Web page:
January 23, 2021 • Life for Leaders
Scripture – 1 Corinthians 7:29-31 (NRSV)
I mean, brothers and sisters, the appointed time has grown short; from now on, let even those who have wives be as though they had none, and those who mourn as though they were not mourning, and those who rejoice as though they were not rejoicing, and those who buy as though they had no possessions, and those who deal with the world as though they had no dealings with it. For the present form of this world is passing away.
We pray and long for Jesus’s final coming, and our final gathering around that great banquet table in the New Jerusalem, but we are also empowered by the Holy Spirit to live out Christ’s Kingdom daily. For most of us, that will involve being in and seeking to transform the everyday world of offices and schools, roads and parks, grocery stores and gas stations, law courts and police stations, and yes, even Presidential inaugurations.
I am writing this devotion just after watching the inauguration of the 46th president of the U.S., Joe Biden, and his Vice President, Kamala Harris. (In case you are curious, there have now been 49 Vice Presidents.) There has been much talk recently about American traditions and rituals, and those formed a great part of what went on today—the backdrop of the Capitol building, the national anthem, the military band, the oaths, the poem, the prayers, the new president’s inaugural address. Americans haven’t always done all of those things at inaugurations, but we have frequently done many of them.
The Christian church too has its rituals, far older and far deeper. We know that from the earliest days of the church Christians met to sing and pray together, to hear the Scriptures read and expounded, to take the Eucharist together, and to baptize new members into its fellowship. That took place in first-century catacombs and still takes place in the 21st century—currently in many places somewhat altered by COVID, but still recognizably the same thing. My church currently meets over Zoom to pray and to hear the Scriptures and to preach and to long for the day when once again we meet around the Lord’s table.
Would the fact that we do these things have surprised the authors of our New Testament books? This passage from Paul’s letter to the Corinthians seems to suggest that. It is one of many places in the New Testament where it sounds like the coming of the Kingdom is imminent and should prompt radical changes in our behavior. Atheists have often criticized the Bible’s testimony on just this point: if Jesus, Paul, and Revelation seem to imply that everything would be completely overhauled within a generation, why are we still waiting around after 2000 years? Why did the church even have a chance to develop and maintain traditions? Are we all deluded?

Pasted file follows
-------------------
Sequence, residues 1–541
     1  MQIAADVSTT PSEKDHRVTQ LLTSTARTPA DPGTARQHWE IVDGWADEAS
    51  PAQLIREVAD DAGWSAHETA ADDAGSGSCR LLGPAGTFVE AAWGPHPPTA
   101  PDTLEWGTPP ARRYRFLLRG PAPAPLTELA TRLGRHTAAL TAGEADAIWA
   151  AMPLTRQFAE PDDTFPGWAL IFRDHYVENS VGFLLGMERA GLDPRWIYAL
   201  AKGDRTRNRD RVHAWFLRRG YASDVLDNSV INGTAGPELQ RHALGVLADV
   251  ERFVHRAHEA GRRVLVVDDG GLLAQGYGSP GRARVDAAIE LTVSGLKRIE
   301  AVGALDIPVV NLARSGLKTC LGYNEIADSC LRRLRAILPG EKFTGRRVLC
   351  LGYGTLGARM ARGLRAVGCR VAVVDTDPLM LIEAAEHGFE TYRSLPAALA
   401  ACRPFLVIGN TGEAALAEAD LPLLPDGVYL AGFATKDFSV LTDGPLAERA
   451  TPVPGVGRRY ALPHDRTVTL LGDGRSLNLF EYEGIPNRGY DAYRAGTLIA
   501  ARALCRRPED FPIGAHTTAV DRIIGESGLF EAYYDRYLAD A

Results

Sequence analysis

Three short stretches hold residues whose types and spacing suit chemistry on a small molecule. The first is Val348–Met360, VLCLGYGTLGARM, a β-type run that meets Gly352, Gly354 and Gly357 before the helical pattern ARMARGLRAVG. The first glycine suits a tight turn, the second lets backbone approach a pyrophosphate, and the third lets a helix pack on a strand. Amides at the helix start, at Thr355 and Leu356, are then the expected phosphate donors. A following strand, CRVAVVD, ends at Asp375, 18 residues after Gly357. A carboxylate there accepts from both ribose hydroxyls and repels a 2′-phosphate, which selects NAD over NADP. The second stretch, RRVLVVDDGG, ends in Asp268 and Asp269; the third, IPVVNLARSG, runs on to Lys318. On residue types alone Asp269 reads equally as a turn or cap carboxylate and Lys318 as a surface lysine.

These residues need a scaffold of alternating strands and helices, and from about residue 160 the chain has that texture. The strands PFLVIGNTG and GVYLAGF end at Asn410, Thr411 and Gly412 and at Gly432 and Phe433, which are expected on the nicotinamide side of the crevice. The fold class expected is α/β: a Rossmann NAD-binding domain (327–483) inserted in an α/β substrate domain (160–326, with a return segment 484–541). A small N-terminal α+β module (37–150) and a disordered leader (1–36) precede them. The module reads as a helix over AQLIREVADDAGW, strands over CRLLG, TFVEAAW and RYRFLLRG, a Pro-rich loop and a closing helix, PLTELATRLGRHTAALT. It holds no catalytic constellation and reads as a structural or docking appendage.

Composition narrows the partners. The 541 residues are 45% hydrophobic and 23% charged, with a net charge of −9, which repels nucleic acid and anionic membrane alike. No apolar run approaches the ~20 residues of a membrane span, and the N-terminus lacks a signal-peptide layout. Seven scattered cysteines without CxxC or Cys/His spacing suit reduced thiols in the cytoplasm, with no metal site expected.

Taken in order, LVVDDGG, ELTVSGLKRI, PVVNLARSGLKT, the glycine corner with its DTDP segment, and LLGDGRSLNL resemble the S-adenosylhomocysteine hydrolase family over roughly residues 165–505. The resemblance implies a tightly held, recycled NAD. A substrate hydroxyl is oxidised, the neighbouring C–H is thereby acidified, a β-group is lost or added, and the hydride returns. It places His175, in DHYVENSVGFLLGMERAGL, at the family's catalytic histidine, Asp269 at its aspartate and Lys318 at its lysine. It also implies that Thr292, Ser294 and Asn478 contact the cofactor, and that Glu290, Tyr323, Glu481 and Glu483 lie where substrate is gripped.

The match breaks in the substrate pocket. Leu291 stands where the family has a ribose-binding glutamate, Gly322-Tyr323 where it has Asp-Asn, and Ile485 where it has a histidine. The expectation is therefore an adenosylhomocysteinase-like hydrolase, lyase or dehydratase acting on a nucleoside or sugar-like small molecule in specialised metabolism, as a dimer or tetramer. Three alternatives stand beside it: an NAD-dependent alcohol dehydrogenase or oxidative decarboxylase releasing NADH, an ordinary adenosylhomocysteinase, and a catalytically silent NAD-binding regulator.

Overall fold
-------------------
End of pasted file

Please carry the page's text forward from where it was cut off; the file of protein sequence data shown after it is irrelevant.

There are several defenses that have been mounted against this argument. The one I find the most convincing is the argument that the Kingdom is already here: it exists, as many theologians have maintained, as both already and not yet. The vision of Christ’s reign in glory that Revelation gives us is yet to come, of course, But Jesus’s birth, the Incarnate God’s entry into human history, was in fact a completely new thing, and everything has been different from that moment on.
We pray and long for Jesus’s final coming, and our final gathering around that great banquet table in the New Jerusalem where there will be no Zoom, but we are also empowered by the Holy Spirit to live out Christ’s Kingdom daily by loving our neighbors, seeking the lost, and working for justice. For most of us, that will involve being in and seeking to transform the everyday world of offices and schools, roads and parks, grocery stores and gas stations, law courts and police stations, and yes, even Presidential inaugurations. God is already in the business of overhauling everything. It’s up to us to decide if we want to follow him.
All day I’ve had a poem stuck in my head that James Baldwin wrote for his sister, called “Some Days.” It’s a beautiful picture of living in the world while seeking to transform it (you can read the whole thing here and see Baldwin’s manuscript here) and it ends with these words:
Some days worry
some days mad
some days more than make you glad.
Some days, some days,
more than shine,
coming on down the line!
Let us be witnesses to the Kingdom, coming on down the line.
Where do you see the Kingdom breaking through in your own life?
Where has it yet to break through?
How is the Holy Spirit leading you to advance the Kingdom?
Audra MacDonald sings a beautiful version of “Some Days” as set to music by Stephen Marzullo here. Listen to it and ponder the above questions. Then do one thing you have discerned.
Lord Jesus, some days worry, some days glad, some days more than make us mad, and some days shine. Help us hold onto your hope and be witnesses in all the days ahead. Amen.
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Find all Life for Leaders devotions here. Explore what the Bible has to say about work at the unique website of our partners, the Theology of Work Project. Commentary on today’s Life for Leaders theme can be found here: Maintain the Proper Perspective (1 Corinthians 7:29–31)
Jennifer Woodruff Tait (PhD, Duke University) is the editor of and frequent contributor to Life for Leaders. She is also the managing editor of Christian History magazine and web editor for the Theology of Work Project, and a priest in the Episcopal Church. She has written a book of poetry, Histories of Us. Jennifer lives in Berea, Kentucky, with her husband, Edwin, and their two daughters.
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